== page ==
Though, I must confess: I’ve always been a little more of a Peter guy than Paul. I know. Lutherans are supposed to be Paul fanboys because of all the hullabaloo the man in the yellow, I mean, white hat in Rome makes over Peter. Still, Peter’s my guy. Not just for his impulsive recklessness or his blue-collar grittiness. But for how he shows that faith is what you say about Jesus—and not just with your mouth (that he’s God and Christ) but with your heart and feet: that, when push comes to shove, you don’t want to be happy; you just want to be with him, through think and thin.

What Peter and Paul both show us is: the greatest (the only!) sin is unbelief, denial of Christ. Paul shows it in hatred for the church. But, I can relate more to Peter’s way:

“Jesus? Hmm… maybe I’ve heard that name, little lady, but honestly: I do not know him. I’m not a camp follower. Why would you think that? My accent? Listen, little missy: don’t you know that regionalist bias is the closest cousin to the racism that’s dividing our society, today? I’m going to pretend I didn’t just hear you accuse me of being a Midwesterner…”

When Jesus is hauled off for being a menace, a threat to public health and safety, it is natural to want to social distance from him, as we have seen in the emptying out of the churches the last two years. But hey, it was embarrassing, in lots of ways, to be a Christian, long before that. The fervent witnessing, endless canvassing, the schlocky architecture, the 70’s praise music, the t-shirts, the John 3:16 signs, the general lack of cool and class the church in the last half century has so often displayed makes sophisticated and urbane people shy away…

At the faculty club dinner, when the department chair’s voice comes, muffled through his N95 mask, “Surely, you’re not a Christian are you? One of those insurrectionist, science-deniers?” And as everyone chuckles, your face flushes and you stammer: “Me? A Christian? That’s crazy-talk!”

And the rooster crows. Cockle-doodle-do…

Oh, it’s so easy to deny Jesus, these days. So… tempting. And we all do it in little ways, and, some of us, in big ways. But the little ways Peter denies—the hidden, covert, slinking away from a Friend suddenly become unfashionable; that’s the deadliest way, I would say—more threatening for moderns than Saul’s fervid and flamboyant jihadism. Peter’s way seems less serious, more benign. As Luther said: “it’s the sins we think venial (minor) that are truly mortal (major).”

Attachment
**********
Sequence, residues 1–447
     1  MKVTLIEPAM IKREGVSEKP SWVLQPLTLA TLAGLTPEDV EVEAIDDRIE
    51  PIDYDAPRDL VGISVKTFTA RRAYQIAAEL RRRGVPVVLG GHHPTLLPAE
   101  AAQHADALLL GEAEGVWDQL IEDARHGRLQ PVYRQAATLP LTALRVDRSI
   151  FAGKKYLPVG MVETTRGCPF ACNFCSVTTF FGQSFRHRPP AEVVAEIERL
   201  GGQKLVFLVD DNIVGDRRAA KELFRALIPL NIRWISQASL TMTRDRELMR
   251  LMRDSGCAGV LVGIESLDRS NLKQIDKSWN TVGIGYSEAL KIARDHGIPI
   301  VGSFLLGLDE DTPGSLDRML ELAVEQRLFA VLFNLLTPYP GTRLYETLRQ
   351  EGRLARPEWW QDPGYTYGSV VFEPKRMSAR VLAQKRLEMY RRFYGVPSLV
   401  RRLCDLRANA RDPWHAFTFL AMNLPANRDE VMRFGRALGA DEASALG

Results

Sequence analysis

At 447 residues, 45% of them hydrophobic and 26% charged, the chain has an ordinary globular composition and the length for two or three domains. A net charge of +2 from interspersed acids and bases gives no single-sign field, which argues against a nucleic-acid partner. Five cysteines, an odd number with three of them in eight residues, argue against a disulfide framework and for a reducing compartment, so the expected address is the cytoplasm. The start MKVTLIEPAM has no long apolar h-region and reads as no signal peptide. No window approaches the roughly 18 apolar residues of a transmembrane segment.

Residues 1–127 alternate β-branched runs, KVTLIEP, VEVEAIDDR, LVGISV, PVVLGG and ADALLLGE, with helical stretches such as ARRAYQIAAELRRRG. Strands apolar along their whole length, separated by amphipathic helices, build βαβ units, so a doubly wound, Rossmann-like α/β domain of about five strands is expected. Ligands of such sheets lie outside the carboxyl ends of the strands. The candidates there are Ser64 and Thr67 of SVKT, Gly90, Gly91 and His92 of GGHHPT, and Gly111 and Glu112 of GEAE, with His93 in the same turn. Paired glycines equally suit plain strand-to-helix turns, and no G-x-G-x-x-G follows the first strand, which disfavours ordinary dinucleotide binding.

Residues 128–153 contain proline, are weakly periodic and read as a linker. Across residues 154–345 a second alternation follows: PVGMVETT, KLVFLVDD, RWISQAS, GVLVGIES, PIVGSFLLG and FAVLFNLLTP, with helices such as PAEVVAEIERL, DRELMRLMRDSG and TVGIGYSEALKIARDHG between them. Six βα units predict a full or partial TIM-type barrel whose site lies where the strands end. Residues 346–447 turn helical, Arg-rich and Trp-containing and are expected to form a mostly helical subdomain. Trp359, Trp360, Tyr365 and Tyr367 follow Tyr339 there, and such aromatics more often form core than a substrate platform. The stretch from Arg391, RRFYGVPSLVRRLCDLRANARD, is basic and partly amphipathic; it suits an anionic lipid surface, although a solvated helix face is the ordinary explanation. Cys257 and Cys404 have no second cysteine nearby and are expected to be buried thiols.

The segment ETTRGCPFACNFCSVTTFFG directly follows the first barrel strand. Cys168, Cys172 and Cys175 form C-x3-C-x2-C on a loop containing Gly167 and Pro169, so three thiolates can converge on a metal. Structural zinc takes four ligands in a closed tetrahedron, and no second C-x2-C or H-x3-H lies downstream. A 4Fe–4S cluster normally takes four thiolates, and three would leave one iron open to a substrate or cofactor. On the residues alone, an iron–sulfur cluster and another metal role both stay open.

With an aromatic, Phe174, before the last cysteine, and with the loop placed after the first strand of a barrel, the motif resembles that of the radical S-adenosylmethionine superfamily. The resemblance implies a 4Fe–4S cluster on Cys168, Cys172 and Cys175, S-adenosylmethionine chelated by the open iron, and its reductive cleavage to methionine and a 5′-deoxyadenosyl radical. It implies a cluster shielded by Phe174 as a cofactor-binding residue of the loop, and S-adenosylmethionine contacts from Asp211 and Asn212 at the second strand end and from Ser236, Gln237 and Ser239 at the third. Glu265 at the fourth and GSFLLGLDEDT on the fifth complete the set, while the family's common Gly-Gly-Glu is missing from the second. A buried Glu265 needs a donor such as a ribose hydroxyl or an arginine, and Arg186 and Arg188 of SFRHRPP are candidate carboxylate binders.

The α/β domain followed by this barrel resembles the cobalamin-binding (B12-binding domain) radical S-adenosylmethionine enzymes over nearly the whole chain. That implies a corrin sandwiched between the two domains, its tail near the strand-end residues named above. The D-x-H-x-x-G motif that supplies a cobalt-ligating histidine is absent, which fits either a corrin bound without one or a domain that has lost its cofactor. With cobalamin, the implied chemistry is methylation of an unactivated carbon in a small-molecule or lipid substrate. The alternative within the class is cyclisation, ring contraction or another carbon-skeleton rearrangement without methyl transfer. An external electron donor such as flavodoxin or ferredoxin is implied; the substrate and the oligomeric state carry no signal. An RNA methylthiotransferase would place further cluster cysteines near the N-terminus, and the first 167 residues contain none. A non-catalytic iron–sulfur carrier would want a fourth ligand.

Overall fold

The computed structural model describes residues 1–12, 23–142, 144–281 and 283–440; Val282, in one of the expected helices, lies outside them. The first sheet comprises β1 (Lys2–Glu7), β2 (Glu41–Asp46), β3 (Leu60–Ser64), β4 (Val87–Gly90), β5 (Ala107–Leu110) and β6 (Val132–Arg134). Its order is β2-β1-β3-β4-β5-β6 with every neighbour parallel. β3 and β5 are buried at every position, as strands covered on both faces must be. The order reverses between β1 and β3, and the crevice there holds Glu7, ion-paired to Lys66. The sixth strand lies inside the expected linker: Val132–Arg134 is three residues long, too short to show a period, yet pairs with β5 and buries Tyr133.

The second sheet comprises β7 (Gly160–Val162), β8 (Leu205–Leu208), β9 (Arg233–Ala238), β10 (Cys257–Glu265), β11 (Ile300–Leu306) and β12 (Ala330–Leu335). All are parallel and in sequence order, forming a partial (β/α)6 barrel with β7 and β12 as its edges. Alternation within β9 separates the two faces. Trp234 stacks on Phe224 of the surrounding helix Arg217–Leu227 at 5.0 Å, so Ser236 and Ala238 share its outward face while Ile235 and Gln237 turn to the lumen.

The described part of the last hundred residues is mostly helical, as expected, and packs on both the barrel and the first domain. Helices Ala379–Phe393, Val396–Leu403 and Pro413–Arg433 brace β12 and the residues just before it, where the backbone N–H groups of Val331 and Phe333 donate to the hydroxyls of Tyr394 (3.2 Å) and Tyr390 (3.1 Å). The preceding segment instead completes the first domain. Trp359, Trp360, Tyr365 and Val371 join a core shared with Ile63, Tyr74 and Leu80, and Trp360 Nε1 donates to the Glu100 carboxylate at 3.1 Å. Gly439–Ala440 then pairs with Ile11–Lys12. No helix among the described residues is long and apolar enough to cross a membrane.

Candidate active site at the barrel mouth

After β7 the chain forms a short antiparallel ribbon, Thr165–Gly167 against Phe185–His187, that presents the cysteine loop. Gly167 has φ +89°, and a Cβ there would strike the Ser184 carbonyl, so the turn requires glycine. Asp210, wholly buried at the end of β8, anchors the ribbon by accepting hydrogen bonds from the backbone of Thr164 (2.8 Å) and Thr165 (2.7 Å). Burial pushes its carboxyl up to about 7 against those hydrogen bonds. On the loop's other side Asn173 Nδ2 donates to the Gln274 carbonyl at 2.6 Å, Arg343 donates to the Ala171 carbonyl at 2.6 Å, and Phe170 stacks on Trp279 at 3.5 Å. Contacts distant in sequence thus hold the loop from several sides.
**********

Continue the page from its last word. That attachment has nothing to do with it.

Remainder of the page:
But the result is the same: if you deny Jesus is your hero, your master, your Lord, your Savior, your God that you worship above all—insisting there’s no place in his church with your name on it!— then… you’re separating yourself from Jesus in a way his cross and resurrection won’t touch. That move might win you friends and influence the influencers, here and now. But, at the Last Day? It’ll get you shut out of the only party that’s truly cool—effortlessly, eternally so…

We all shy away from Jesus, under pressure. So he comes and feeds us—fish, bread, the finest wine, supernaturally powerful. It’ll knock you on your ah…tail. He has one question, asked three times: “Do you love me, more than these…?”

You reply, with Peter: “Lord, you know everything; you know that I love you.”  Now, you’re in on the Resurrection. Jesus says: “Follow me”; and you will. For Christ is Risen

About Pastor Martin

Pastor Kevin Martin has served six Lutheran congregations, beginning in 1986 as a field-worker in Trumbull, Connecticut, and vicarages in Arlington, Massachusetts and Belleville, Illinois. He has been pastor of congregations in Pembroke, Ontario and Akron, Ohio. Since 2000, he has served as pastor of Our Savior Lutheran Church, Raleigh. Pastor Martin is a lifelong (confessional!) Lutheran (even though) he holds degrees from Valparaiso, Yale, and Concordia Seminary St. Louis. He and his wife Bonnie have been (happily) married since 1988, and have two (awesome!) adult children, Bethany and Christopher. Bonnie is an elementary school teacher. The Martin family enjoy music festivals, travel, golf, and swimming. They are also avid readers and movie-goers.